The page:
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5C analysis of Starbucks (5C’s of Starbucks)

5C analysis of Starbucks (5C’s of Starbucks)

This is a detailed 5C analysis of Starbucks which evaluates how Starbucks’ strategies and operations are affected by factors such as company, competitor, customer, collaborator, and climate. Starbucks is a multi-national company, headquartered in Seattle, the USA. It has changed the world of coffee and almost become synonymous with coffee.

Starbucks Company

Starbucks is the largest coffee house chain in the world. It has over 32,000 stores and operates in 80 countries. It is very famous for its premier roaster and speciality coffee. Its journey started in 1971 (Starbucks, 2021).

Starbucks’ net revenue in 2020 was 19.16 billion U.S. dollars; however, this represents a 27.7% decline compared to 2019 (Lock, 2021). The global lockdowns are mostly blamed for this decline. The company made success stories in many countries; however, it could not do that well in Australia and Vietnam. The article SWOT analysis of Starbucks provides more information on the company.

Collaborators of Starbucks

The success of Starbucks hinges on the success of the farmers and suppliers who grow products and do other supply chain activities for it. It works with thousands of coffee farms around the world, notably, in countries such as Brazil, Columbia, Guatemala, Kenya, Mexico, Saudi Arabia, and Tanzania. Its supply chain went through a transformation in 2008 to improve the processes and their efficiency.

However, working with thousand of farmers and suppliers has its own challenges. For instance, Starbucks filed lawsuits against some of its suppliers in the past over a number of issues. Likewise, its supply chain difficulty was also revealed when it had faced shortages of key ingredients for some popular drinks, and a lack of iced and cold-brew coffee, breakfast foods, cups, lids and straws across the United States (Cresswell, 2021).

Customers of Starbucks

Millions of people visit Starbucks stores globally each week. An average customer visits the restaurant six times per month. The company has been using its highly skilled and experienced leadership team, products, technology, and CSR to win the hearts and minds of its customers. However, it experienced ups and downs in the customer satisfaction surveys in the last several years.

Competitors of Starbucks

Discussion on competitors is a key element in the 5C analysis of Starbucks (5C’s of Starbucks). Starbucks faces a number of giant competitors in different countries. Similarly, small and independently run coffeehouses also put pressures on it.

The most notable competitors Starbucks faces in the USA are McDonald’s with it McCafé brand, Pret a Manger, Peet’s Coffee, Caribou Coffee, and Dunkin’ Donuts. In the UK, it is challenged by Pret A Manger, and Caffe Nero. The article Competitors of Starbucks (Competitor analysis of Starbucks) provides more information on this topic.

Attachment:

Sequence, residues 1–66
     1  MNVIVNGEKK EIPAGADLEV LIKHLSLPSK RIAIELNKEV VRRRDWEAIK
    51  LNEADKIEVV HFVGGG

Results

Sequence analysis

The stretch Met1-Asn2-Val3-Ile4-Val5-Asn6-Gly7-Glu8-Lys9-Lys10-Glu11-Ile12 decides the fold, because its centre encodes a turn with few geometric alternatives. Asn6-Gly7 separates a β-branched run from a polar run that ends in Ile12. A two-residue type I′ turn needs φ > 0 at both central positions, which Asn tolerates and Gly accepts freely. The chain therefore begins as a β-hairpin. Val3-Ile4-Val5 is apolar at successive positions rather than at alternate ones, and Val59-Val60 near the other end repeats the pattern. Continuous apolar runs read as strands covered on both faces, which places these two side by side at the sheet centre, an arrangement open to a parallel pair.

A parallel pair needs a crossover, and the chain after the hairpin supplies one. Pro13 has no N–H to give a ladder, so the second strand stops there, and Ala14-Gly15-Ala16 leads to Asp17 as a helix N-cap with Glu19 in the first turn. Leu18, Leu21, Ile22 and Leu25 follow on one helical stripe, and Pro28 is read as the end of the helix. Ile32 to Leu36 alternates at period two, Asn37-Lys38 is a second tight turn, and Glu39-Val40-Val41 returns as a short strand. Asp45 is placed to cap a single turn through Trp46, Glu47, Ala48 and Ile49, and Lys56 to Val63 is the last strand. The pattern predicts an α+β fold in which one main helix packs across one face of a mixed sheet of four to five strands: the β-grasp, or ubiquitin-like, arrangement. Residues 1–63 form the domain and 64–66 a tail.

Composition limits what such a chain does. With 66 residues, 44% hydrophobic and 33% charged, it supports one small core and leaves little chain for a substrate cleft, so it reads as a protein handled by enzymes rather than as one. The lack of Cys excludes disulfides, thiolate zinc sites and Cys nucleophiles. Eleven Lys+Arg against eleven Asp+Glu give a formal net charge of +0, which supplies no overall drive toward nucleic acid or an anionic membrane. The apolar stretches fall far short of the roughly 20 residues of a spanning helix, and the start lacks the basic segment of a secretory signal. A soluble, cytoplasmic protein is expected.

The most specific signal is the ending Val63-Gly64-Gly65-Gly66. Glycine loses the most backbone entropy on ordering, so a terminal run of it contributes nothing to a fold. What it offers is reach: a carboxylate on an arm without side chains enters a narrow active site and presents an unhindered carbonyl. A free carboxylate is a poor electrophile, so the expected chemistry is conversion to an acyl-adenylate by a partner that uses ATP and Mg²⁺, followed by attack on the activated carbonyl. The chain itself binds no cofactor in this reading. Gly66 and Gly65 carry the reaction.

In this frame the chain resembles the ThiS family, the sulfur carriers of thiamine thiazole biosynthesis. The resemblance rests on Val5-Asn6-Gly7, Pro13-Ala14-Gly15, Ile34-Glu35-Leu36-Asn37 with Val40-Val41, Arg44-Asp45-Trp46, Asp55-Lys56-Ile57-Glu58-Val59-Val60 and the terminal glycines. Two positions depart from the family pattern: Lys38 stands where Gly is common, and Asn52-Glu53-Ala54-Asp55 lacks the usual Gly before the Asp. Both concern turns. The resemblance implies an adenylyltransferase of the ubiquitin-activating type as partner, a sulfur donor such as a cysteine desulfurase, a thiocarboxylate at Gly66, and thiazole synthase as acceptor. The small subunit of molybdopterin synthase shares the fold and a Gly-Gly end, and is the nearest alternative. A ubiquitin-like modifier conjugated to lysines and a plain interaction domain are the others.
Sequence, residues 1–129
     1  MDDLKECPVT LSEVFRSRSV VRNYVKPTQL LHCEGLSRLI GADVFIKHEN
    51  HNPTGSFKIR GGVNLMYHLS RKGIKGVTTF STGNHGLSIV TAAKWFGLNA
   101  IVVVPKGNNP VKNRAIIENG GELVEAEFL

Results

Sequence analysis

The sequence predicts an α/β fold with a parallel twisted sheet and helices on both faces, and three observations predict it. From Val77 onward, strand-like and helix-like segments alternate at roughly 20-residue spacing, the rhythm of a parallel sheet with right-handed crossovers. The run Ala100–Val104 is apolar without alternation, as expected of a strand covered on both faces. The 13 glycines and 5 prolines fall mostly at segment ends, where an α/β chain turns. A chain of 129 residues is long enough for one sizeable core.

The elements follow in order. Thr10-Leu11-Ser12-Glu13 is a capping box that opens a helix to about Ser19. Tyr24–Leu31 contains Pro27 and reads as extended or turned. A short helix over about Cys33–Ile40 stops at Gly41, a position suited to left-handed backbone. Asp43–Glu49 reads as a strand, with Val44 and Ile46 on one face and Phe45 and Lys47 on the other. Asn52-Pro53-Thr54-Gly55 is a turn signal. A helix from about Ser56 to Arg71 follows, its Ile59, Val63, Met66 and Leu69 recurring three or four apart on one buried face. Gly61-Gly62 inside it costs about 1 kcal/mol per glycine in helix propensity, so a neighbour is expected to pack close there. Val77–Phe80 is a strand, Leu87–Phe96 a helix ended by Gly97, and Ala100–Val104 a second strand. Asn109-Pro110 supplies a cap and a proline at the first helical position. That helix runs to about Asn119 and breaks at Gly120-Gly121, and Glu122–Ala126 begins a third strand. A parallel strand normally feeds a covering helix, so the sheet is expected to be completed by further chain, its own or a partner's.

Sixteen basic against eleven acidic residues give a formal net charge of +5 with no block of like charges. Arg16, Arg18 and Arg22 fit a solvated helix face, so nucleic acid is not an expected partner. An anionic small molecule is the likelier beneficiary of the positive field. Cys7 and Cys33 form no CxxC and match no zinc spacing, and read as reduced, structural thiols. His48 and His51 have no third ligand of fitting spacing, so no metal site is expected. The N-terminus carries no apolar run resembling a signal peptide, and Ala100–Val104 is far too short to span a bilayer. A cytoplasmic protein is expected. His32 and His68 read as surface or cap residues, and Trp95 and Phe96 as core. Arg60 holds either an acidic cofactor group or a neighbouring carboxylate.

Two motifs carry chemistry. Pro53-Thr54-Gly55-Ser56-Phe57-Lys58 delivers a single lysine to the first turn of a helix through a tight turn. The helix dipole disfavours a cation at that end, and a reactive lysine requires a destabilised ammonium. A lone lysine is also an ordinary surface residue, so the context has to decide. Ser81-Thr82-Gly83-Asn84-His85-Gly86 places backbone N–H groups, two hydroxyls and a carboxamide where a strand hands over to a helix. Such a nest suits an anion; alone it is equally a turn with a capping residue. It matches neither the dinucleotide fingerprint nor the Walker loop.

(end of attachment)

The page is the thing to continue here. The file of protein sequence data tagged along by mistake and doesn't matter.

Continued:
Climate of Starbucks

Climate is often referred to as context. Starbucks is a very successful company. It has excellent capabilities to address the external factors that impact on its operations. It has benefitted from a coffee culture in the USA, and many other countries. Similarly, failing to understand distinctive coffee cultures has led to its failure in some countries.

Growth of developing economies has created opportunities for Starbucks to earn more revenues. Similarly, the company has made excellent use of technology as well. PESTEL analysis of Starbucks provides more information on this topic.

We hope the article ‘5C analysis of Starbucks (5C’s of Starbucks)’ has been helpful. You may also like reading Marketing mix of Starbucks. Other relevant articles for you are:

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Last update: 10 July 2021


Cresswell, J. (2021) Starbucks, flush with customers, is running low on ingredients, available at: (accessed 09 July 2021)

Lock, S. (2021) Net revenue of Starbucks worldwide from 2003 to 2020, available at: (accessed 09 July 2021)

Starbucks (2021) About us, available at: (accessed 05 July 2021)

Author: M Rahman

M Rahman writes extensively online and offline with an emphasis on business management, marketing, and tourism. He is a lecturer in Management and Marketing. He holds an MSc in Tourism & Hospitality from the University of Sunderland. Also, graduated from Leeds Metropolitan University with a BA in Business & Management Studies and completed a DTLLS (Diploma in Teaching in the Life-Long Learning Sector) from London South Bank University.

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